Australia has a significant aging population and the baby-boomers are heading into retirement phase.
Politicians and economists are looking at this aging demographic and wondering how a shrinking workforce will provide the necessary tax revenue to fund the big jump in pensioners and senior services over the next decade.
Underlying some of these short-term questions is the more fundamental issue of planning for your retirement in a way which minimises your dependency on government assistance.
Studies show clearly that people who have attained home ownership during the course of their working life are in a much better position to live comfortably in retirement. Not only can home owners draw against the equity in their house but they don’t have to pay rent.
Those living on a modest pension and paying around 30 per cent or more in rent can find life a struggle.
Around 70 per cent of the population are home owners with half of these owning their homes outright and the other half paying down a mortgage.
The degree of equity depends on the size of your mortgage; if you have no mortgage then you enjoy 100 per cent equity. The greater the equity in your home means there is a greater amount of money accessible to you as a loan for other things.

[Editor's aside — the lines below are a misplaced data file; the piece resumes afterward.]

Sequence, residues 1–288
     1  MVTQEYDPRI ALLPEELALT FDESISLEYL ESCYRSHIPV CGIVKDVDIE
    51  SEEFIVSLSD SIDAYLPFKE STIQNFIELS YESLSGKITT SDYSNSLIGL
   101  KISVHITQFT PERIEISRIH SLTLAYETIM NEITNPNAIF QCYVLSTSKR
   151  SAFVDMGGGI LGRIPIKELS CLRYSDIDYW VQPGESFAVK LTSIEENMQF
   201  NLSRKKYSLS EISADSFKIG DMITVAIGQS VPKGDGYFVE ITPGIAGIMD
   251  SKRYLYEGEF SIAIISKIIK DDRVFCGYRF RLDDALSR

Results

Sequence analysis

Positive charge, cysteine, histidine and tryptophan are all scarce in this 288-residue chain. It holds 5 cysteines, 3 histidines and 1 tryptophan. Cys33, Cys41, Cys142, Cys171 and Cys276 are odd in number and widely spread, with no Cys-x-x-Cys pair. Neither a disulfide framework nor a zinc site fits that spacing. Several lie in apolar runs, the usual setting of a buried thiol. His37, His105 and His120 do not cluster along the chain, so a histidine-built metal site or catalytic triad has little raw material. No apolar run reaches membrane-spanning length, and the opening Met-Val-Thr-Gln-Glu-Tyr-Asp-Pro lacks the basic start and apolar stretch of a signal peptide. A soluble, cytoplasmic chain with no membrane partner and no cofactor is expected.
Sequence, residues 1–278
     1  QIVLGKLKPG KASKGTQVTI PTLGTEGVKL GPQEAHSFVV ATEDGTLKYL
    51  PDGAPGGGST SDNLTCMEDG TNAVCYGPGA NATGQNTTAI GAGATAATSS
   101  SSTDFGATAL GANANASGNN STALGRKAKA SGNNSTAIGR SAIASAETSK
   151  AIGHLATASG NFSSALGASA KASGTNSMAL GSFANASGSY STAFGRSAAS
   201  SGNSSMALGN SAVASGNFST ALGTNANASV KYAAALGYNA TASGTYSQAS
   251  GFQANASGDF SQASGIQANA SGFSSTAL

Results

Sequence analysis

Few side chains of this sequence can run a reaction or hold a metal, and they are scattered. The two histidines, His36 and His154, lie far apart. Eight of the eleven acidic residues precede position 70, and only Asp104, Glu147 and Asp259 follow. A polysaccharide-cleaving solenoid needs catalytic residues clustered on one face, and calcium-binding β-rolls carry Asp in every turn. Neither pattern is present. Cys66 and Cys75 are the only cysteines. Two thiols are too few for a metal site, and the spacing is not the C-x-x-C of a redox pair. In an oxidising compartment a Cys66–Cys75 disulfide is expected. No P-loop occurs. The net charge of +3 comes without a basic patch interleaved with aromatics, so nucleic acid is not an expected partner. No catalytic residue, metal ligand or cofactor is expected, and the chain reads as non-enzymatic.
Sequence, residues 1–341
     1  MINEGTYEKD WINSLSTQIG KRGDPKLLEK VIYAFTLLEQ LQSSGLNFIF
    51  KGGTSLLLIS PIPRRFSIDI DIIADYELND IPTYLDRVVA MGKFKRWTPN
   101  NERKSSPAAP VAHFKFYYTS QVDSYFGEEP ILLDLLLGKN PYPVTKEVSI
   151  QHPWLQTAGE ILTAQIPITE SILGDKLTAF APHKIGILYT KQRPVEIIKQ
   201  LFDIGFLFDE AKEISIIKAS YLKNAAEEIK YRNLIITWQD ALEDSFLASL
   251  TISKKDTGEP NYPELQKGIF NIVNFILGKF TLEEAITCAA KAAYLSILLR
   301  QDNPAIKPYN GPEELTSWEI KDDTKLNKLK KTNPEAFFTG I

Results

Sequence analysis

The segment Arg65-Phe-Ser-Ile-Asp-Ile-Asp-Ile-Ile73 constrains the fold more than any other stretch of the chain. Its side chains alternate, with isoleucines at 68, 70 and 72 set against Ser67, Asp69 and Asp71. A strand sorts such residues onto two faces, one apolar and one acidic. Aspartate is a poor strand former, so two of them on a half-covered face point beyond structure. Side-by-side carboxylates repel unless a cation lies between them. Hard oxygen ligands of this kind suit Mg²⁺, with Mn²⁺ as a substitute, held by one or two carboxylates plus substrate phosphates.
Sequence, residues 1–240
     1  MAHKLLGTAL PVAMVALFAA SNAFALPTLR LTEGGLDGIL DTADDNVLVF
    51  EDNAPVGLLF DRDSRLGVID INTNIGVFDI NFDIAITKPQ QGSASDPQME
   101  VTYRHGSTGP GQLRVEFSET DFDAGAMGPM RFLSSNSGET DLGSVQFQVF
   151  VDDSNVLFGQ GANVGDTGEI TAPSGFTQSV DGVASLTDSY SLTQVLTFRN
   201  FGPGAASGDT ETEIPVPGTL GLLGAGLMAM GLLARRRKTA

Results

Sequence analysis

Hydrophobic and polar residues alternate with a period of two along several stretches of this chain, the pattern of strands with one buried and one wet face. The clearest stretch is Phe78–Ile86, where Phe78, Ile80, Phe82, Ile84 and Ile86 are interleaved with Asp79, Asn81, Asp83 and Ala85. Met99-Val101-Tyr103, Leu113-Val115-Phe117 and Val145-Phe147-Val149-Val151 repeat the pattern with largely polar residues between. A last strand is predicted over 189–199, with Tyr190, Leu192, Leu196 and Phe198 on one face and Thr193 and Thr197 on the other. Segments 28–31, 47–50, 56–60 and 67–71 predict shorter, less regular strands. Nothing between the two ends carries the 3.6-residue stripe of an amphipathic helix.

A home equity loan is the most common way to access these funds and most financial institutions will allow you to borrow a significant proportion if you are gainfully employed or have reliable income to service the loan.
This might be used to purchase investment properties for example, thus utilising rental income to help repay the loan.
The costs involved may be used to reduce taxable income.
There is also a growing interest among some retirees who use the extra funds to top up existing retirement funds such as the aged pension or superannuation accounts.
Another way of exploiting the equity in your home is to sell part of your property where that is possible. This has been a common practice in the residential real estate market where properties are situated on large blocks and can be subdivided for the construction of new homes.
Downsizing to smaller and less expensive housing is another way of capitalising on accumulated equity in housing. There are generally two groups of people who downsize; older citizens who no longer require large family homes and younger people who might downsize to free up funds or meet the costs associated with a growing family.
High levels of equity in housing and a more comfortable retirement are the long term rewards that come from owning your own home. However, tapping into this wealth should only be done after seeking competent financial advice from a professional adviser.